While it might seem odd to a non-Greek cook to boil greens until they are extremely soft, this is the way Greeks like to eat them. In Greek cooking, all sorts of greens, wild and cultivated, sweet and bitter, are boiled, typically in a big pot filled with salted water that is at the point of a rolling boil. Simple as this sounds, there are a few tricks and more than a few opinions regarding the whole boiling vs. blanching vs. sauteeing method of cooking greens.
Boiling is the way to cook Greens as the Greeks do. It will make them soft, softer, in fact, than most non-Greeks are used to eating. We drain them then let them cool to room temperature. Or, we drain, cool and chill.
If you want your greens to be more al dente, wilted, not DOA!, and to have a uniform texture and bright color, then blanching in a big pot of salted, boiling water is the thing to do. Where as boiling for the half hour or so that is typical in a Greek kitchen will literally cook the color-giving chlorophyll out of the greens, blanching for a short time will preserve it. Drain the greens right at the point when they turn bright green, because a few seconds after that they change color to greyish green. Then shock in a bowl of ice water, to stop the cooking process and preserve their color.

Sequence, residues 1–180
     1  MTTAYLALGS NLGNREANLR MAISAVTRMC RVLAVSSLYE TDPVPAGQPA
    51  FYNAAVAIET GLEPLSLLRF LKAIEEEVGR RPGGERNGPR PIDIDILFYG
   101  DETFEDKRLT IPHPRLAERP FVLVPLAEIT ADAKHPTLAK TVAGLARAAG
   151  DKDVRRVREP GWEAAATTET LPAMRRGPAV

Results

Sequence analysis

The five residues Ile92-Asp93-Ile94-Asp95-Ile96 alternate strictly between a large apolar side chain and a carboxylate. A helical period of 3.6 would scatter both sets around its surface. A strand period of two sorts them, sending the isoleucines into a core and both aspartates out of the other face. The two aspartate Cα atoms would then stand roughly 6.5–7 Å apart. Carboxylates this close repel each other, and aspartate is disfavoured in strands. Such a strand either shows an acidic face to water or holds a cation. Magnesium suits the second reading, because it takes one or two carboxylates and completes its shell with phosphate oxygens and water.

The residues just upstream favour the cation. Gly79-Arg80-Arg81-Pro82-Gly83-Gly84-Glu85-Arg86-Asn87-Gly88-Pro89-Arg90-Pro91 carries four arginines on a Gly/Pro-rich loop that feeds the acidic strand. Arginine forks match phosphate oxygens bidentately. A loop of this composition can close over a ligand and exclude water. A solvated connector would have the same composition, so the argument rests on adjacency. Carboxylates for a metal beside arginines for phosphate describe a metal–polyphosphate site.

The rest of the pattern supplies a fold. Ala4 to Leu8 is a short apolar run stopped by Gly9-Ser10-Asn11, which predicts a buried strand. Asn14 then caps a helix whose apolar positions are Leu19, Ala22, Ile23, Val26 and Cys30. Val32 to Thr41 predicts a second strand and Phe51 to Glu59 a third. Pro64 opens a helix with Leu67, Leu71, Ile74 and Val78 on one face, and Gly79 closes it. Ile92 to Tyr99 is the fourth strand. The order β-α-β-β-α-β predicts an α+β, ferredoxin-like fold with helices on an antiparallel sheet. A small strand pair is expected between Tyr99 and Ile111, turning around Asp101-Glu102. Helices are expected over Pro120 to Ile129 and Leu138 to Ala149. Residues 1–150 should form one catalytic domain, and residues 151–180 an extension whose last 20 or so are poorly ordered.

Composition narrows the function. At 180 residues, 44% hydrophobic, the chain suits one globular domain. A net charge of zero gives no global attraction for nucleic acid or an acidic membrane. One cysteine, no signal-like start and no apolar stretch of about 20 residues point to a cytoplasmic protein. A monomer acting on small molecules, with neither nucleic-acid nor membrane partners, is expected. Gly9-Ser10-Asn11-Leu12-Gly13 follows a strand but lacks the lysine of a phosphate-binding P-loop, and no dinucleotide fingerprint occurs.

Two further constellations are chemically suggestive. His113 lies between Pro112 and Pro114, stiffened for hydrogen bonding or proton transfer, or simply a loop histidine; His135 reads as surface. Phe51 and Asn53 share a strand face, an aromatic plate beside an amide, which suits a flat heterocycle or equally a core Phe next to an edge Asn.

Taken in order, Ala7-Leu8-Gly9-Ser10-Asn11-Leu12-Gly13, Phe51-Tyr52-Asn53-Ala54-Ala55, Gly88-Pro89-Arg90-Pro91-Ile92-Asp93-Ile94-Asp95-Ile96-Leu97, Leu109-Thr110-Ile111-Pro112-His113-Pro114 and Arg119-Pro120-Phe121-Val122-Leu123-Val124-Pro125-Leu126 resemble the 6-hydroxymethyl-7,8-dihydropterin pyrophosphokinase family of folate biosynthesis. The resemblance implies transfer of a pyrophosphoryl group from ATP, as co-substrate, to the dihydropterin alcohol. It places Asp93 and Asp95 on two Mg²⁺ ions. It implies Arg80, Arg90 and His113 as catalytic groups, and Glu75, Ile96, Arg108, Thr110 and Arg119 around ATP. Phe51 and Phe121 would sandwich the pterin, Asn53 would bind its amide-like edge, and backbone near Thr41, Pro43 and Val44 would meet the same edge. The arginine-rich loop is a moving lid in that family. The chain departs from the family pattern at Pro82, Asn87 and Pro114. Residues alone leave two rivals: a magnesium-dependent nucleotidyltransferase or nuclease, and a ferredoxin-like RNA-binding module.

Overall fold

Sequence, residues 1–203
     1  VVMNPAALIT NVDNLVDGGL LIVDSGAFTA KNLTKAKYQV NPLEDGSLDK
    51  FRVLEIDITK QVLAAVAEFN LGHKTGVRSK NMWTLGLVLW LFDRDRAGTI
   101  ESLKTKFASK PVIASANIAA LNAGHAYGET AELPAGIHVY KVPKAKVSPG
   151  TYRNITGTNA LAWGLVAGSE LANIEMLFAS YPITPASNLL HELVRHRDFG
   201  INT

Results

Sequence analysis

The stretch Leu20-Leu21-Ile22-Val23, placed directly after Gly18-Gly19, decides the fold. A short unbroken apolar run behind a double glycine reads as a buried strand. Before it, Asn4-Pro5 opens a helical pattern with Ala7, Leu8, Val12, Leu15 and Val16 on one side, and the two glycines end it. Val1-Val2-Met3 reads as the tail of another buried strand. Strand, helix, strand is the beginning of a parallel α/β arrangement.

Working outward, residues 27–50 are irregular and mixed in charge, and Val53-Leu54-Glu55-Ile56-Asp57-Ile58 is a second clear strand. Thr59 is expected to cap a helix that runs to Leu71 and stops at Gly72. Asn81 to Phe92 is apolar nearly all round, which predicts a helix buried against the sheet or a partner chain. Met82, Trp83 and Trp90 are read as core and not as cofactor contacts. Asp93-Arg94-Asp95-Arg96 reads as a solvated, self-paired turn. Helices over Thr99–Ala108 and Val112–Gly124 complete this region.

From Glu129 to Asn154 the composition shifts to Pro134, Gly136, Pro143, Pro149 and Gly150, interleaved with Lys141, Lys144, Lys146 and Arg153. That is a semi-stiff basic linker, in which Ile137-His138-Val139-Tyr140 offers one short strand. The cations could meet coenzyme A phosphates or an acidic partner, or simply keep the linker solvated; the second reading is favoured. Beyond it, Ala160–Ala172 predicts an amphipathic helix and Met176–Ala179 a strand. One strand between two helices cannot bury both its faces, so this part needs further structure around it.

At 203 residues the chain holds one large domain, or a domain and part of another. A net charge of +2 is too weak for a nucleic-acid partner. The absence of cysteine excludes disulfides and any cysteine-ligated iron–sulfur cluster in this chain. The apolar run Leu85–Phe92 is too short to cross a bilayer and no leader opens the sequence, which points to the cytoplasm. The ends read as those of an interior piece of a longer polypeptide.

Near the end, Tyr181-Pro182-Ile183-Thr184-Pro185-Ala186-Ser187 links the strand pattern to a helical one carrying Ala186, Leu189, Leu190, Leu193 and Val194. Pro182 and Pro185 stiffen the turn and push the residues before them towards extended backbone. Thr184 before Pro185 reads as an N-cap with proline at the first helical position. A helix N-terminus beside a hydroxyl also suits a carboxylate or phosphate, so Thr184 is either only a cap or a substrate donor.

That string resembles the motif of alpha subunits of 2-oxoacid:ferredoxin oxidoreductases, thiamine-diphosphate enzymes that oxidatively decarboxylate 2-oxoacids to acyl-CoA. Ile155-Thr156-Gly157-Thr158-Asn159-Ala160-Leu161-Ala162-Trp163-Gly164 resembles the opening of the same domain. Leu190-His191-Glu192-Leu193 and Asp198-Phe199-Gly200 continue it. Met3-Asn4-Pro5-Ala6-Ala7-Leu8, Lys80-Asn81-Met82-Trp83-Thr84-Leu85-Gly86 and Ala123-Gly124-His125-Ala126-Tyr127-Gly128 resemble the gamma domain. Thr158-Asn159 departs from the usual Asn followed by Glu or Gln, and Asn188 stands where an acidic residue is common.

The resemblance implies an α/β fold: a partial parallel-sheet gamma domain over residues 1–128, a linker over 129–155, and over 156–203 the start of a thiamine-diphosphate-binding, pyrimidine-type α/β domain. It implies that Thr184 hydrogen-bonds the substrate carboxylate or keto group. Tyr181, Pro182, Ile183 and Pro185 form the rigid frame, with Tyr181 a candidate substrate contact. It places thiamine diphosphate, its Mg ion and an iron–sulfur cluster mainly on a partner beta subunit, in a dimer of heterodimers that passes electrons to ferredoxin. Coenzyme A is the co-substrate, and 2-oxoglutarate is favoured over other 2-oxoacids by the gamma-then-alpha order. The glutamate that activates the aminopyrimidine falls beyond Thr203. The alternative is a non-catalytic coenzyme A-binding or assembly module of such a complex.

The thinner the stalks and stems, the faster the greens will cook. Mustard greens, sinapi in Greek, cook up fast; chard (seskoulo) takes about five minutes. Collards (Lahanides) take longer, at least 10 minutes to soften their thick, almost rubbery stalks.
Should You Cover the Pot?
Whether or not you cover your pot of greens while they boil depends on the results you want. When you cover the pot, you reduce the number of nutrients that dissipate into the air. A covered pot also cooks at a higher temperature than a lidless one, so the vegetables cook more quickly and nutrients have less time to leach out of the greens. But, because of the acid released by the vegetables themselves and because of the heat, the greens lose their vibrant color and turn dull. So, by cooking without a lid you minimize discoloration. Oddly, most traditional Greek cooks recommend cooking greens with the lid half on, half off. You can also retain color by adding an alkali to the water, such as baking soda, but that destroys vitamins, particularly vitamin C, and also breaks down certain cells resulting in greens that are mushy and lifeless.